THE RICHES OF OSEOLA McCARTY

Coleman (To Be a Drum, p. 264, etc.) writes with feeling of an African-American woman whose work ethic proved inspiring. At the age of five Oseola (Ola) McCarty moved to Hattiesburg, Mississippi with her grandmother and aunt. Both the women worked hard every day, and Ola was taught to do all the things they did, from making soap, to washing the clothes by hand on a washboard, to heating the irons on the stove to press the stubborn wrinkles out of the damp garments and linens. For their backbreaking work, which started at seven in the morning and lasted until late at night, Ola and her grandmother were paid 50 cents a bundle—as much as a customer could tie into a bedsheet. Still, Ola learned that it was important to save as much as she could every week in a bank account. A lifetime later, at 87, Ola had to quit working for health reasons, but wondered what to do with the considerable amount of money she had saved; she decided to give most of what she had—well over $150,000—to the University of Southern Mississippi for a scholarship fund, which was named for her. The action brought her fame and many awards, but Ola remained the frugal person she had always been. The story, illustrated with black-and-white woodcut-like prints, is full of wisdom and quiet courage; readers will be drawn to the simplicity of the habits that led to Ola’s riches. A small, fine book. (Biography. 7-10)

Pub Date: Dec. 1, 1998

ISBN: 0-8075-6961-5

Page Count: 48

Publisher: Whitman

Review Posted Online: May 20, 2010

Kirkus Reviews Issue: Dec. 1, 1998

Did you like this book?

No Comments Yet

An uncomplicated opener, with some funny bits and a clear but not heavy agenda.

BOOKMARKS ARE PEOPLE TOO!

From the Here's Hank series , Vol. 1

Hank Zipzer, poster boy for dyslexic middle graders everywhere, stars in a new prequel series highlighting second-grade trials and triumphs.

Hank’s hopes of playing Aqua Fly, a comic-book character, in the upcoming class play founder when, despite plenty of coaching and preparation, he freezes up during tryouts. He is not particularly comforted when his sympathetic teacher adds a nonspeaking role as a bookmark to the play just for him. Following the pattern laid down in his previous appearances as an older child, he gets plenty of help and support from understanding friends (including Ashley Wong, a new apartment-house neighbor). He even manages to turn lemons into lemonade with a quick bit of improv when Nick “the Tick” McKelty, the sneering classmate who took his preferred role, blanks on his lines during the performance. As the aforementioned bully not only chokes in the clutch and gets a demeaning nickname, but is fat, boastful and eats like a pig, the authors’ sensitivity is rather one-sided. Still, Hank has a winning way of bouncing back from adversity, and like the frequent black-and-white line-and-wash drawings, the typeface is designed with easy legibility in mind.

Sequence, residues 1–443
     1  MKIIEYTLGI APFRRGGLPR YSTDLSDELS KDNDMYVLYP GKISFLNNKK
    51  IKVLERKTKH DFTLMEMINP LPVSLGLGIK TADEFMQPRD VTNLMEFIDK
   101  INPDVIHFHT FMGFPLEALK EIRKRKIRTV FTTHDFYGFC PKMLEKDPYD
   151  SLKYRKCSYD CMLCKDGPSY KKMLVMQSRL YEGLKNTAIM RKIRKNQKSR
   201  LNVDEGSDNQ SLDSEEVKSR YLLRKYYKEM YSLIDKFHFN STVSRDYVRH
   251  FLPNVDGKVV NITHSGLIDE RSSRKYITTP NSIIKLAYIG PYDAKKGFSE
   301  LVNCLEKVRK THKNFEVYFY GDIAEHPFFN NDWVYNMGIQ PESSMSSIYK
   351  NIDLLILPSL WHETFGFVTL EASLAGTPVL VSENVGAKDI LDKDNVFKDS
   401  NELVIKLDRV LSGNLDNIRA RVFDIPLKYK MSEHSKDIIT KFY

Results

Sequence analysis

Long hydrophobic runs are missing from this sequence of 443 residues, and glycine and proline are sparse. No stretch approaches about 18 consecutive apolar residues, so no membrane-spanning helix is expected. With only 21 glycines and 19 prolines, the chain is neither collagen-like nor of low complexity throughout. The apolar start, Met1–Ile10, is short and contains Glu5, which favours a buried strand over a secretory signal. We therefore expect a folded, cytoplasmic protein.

An uncomplicated opener, with some funny bits and a clear but not heavy agenda. (Fiction. 7-9)

Pub Date: Feb. 14, 2014

ISBN: 978-0-448-48239-2

Page Count: 128

Publisher: Grosset & Dunlap

Review Posted Online: Dec. 11, 2013

Kirkus Reviews Issue: Jan. 1, 2014

Did you like this book?

No Comments Yet

TOMAS AND THE LIBRARY LADY

A charming, true story about the encounter between the boy who would become chancellor at the University of California at Riverside and a librarian in Iowa. Tom†s Rivera, child of migrant laborers, picks crops in Iowa in the summer and Texas in the winter, traveling from place to place in a worn old car. When he is not helping in the fields, Tom†s likes to hear Papa Grande's stories, which he knows by heart. Papa Grande sends him to the library downtown for new stories, but Tom†s finds the building intimidating. The librarian welcomes him, inviting him in for a cool drink of water and a book. Tom†s reads until the library closes, and leaves with books checked out on the librarian's own card. For the rest of the summer, he shares books and stories with his family, and teaches the librarian some Spanish. At the end of the season, there are big hugs and a gift exchange: sweet bread from Tom†s's mother and a shiny new book from the librarianto keep. Col¢n's dreamy illustrations capture the brief friendship and its life-altering effects in soft earth tones, using round sculptured shapes that often depict the boy right in the middle of whatever story realm he's entered. (Picture book. 7-10)

Pub Date: Aug. 1, 1997

ISBN: 0-679-80401-3

Page Count: 32

Publisher: Knopf

Review Posted Online: May 20, 2010

Kirkus Reviews Issue: Aug. 1, 1997

Did you like this book?

No Comments Yet
more